The Hotelier, who arrived his country, travelled to Owerri, stayed in his hotel, visited people and attended events, and found his way to Abuja. What science claims to know about this pandemic would suggest extreme occurrences, but that doesn’t seem our case, at least not yet.

Certainly, God is with us.

 

7.11. COVID-19 NOTES OF PROF. C. NWAJIUBA.

NOTE 11: Coupling current alleviation efforts with economic stimulus post-covid19.

There is a broad swell of efforts to alleviate current suffering by Nigerians. The Federal Government, states, churches, communities, and individuals, are offering help.

Commonly being offered are food items, including rice, yams, beans, noodles, tinned tomatoes, bread, etc., and cash.

How about each state government, churches and persons, focusing on what is produced locally, as a way to support the economy of the particular state?

I am not sure noodles, tinned tomatoes, and rice are produced in Imo state. Some yam is grown in the state, but really very meager.

If a state like Imo should identify what is produced in the state for patronage in this period, with a consciousness to help the state economy, that would be patriotic.

But for now, the state is doing well procuring rice, yams, etc., from other states, chiefly Ebonyi.

No doubt, Ebonyi state is the leading economy of the south east, with strength in the real sectors, especially agriculture.

This is a lesson in NIGERIA BEYOUND OIL.

 

7.12. COVID-19 NOTES OF PROF. C. NWAJIUBA.

NOTE 12: As Germany commences relaxation of lockdown.

Germany has become the first major economy – that is equally a democracy – which began to relax  the pandemic-induced lockdown rules.

In NOTE 10, we presented some mortality rates for a few countries and Germany, perhaps, had the lowest rate.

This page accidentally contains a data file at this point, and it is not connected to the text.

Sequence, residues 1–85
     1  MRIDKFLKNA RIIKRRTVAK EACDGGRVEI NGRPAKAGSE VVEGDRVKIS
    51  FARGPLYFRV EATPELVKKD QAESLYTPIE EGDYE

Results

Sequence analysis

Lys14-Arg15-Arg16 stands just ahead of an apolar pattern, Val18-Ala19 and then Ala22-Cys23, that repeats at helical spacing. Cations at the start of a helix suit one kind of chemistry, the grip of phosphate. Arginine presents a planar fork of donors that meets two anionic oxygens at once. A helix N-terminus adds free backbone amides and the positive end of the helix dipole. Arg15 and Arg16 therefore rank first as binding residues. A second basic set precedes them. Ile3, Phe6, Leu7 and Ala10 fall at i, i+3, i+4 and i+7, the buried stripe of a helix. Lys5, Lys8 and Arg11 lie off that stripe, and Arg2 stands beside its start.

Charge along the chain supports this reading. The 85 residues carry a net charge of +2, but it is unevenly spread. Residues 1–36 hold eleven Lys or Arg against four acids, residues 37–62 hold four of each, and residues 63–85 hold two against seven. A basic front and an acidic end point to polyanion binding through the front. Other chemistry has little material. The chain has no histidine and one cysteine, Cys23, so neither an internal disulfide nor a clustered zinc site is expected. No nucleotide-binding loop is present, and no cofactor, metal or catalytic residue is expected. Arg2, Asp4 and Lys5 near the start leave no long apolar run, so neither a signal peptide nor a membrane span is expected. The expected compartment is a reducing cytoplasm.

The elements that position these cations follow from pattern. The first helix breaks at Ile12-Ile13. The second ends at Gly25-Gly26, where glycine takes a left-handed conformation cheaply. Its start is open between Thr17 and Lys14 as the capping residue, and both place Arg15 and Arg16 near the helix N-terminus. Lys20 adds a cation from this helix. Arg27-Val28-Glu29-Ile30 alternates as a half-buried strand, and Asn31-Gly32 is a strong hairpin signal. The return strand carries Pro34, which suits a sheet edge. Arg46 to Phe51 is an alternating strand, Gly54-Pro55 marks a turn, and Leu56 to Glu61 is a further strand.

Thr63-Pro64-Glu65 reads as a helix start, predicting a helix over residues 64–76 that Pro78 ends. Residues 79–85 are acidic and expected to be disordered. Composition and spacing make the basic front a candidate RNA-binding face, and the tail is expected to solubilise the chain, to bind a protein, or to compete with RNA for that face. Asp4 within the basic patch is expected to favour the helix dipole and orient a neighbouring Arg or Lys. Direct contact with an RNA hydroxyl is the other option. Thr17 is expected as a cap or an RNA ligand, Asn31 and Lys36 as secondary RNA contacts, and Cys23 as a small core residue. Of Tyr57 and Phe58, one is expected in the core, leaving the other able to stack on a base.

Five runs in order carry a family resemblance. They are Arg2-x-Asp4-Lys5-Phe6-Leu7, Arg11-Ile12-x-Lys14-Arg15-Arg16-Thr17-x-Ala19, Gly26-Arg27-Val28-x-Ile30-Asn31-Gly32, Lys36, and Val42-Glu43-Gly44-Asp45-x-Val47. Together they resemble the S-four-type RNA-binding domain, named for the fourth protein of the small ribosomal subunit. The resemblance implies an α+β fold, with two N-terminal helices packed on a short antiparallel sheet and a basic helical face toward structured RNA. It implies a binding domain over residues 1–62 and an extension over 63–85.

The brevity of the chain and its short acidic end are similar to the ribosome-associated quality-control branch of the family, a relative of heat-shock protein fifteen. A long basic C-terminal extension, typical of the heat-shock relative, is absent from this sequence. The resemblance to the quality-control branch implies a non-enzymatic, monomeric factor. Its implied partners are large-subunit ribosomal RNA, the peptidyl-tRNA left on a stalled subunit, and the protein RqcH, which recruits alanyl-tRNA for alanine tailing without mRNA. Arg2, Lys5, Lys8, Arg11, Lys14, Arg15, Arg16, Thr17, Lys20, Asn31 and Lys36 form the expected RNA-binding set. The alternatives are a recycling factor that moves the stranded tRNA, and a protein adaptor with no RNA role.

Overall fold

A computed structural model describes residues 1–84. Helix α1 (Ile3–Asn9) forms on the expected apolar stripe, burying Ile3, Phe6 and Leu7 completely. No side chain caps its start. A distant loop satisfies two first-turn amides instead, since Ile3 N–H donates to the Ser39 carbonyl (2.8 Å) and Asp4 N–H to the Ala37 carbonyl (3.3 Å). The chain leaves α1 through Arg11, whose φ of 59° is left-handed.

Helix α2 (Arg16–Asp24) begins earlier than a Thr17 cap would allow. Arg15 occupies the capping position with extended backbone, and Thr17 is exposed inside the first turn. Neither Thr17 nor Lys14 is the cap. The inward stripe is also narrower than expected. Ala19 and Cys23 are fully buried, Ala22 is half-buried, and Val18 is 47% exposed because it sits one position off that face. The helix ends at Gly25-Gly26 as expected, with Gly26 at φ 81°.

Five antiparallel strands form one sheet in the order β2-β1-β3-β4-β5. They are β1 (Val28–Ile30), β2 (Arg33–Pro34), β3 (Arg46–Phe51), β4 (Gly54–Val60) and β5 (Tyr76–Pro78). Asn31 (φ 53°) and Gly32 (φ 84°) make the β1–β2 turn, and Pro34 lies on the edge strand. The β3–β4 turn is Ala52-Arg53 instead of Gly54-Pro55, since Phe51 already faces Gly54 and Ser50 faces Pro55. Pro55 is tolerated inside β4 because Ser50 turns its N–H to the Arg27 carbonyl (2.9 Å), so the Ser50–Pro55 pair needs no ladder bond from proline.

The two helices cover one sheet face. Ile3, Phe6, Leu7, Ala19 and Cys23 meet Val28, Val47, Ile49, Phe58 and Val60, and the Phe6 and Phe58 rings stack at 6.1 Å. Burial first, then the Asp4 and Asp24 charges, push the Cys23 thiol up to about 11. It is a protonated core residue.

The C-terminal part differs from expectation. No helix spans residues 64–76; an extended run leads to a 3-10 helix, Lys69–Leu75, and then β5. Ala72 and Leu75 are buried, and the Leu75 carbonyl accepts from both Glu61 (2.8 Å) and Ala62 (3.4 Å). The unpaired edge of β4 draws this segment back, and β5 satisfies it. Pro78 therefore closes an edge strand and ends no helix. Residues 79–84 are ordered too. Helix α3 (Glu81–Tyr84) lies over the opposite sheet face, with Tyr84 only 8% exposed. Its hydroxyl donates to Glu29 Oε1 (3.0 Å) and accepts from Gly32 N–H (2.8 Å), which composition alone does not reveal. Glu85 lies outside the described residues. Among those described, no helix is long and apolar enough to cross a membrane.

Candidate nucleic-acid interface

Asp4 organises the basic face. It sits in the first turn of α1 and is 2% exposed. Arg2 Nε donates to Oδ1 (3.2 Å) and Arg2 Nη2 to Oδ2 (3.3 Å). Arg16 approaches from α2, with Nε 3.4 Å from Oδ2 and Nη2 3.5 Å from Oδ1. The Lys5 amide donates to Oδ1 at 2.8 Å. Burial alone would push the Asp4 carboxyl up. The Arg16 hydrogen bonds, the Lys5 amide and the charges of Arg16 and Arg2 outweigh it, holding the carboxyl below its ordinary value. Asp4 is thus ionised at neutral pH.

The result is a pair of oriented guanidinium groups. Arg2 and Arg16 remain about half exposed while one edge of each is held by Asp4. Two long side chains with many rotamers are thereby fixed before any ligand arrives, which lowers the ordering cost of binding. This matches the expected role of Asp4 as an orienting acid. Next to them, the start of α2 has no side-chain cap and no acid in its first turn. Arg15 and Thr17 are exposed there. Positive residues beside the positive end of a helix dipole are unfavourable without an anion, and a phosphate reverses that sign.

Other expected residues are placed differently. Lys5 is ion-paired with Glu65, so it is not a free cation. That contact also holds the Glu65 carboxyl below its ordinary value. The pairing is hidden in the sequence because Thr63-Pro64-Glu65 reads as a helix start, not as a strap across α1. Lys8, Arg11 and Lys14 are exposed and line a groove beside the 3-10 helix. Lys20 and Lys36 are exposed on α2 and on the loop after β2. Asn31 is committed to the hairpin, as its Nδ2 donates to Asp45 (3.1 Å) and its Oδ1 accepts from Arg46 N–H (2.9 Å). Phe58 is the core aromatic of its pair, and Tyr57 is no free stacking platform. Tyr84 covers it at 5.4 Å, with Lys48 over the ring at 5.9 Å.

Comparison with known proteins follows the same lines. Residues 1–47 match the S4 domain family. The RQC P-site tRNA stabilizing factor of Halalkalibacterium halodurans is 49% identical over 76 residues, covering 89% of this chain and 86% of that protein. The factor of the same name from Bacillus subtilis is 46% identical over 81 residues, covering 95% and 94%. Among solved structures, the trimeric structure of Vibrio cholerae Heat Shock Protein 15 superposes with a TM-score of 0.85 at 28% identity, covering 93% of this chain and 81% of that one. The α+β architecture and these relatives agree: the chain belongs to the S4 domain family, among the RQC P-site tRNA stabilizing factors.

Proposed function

We also identified core factors which may be correlates of the performance of countries. We further hypothesized that the key factors include quality of leadership and governance, degree of discipline of those who govern and are governed, and the common culture and attitude of the people.

On all these factors Germany scores very high, perhaps higher than her peers, and comparable with countries of the Nordic region. Not surprisingly another country considering opening schools is in the Nordic region.

We earlier wrote about Nigeria’s Oga Culture. This is reflected in all the factors listed above. Germany will never make exception in burying any big man who dies from the pandemic. It will also be almost impossible to have a German, whether a big man or not, take off and abandon his PPE after a funeral by the roadside. In the unlikely event that it happens and the person is exposed, I am almost certain he will take his life.

The head of a German Agency who faces the embarrassment of such high profile disregard of the rules would have resigned, and so would have the Minister of  Health.

Germans pride themselves as Leistungsgesellschaft- a performance-driven society. That is the national culture and philosophy. What is Nigeria’s? Corruption, Ogaism, and pseudo-religiousity?

Germans’ performance-driven society is encapsulated in personal and national culture of seriousness and the power of personal example. How do you rate Nigerians and Nigeria on these?

If we are the opposite on these, would you expect the outcomes/ends to be similar in the management of COVID-19?

 

7.13. COVID-19 NOTES OF PROF. C. NWAJIUBA.

NOTE 13: Should schools still be closed?

Today in Nigeria offices are open with senior staff and staff on essential duties in the offices. In many cases Staff on essential duties include cleaners.

Today in Nigeria supermarkets, and indeed all rural markets are open.

Today in Nigeria Banks are open.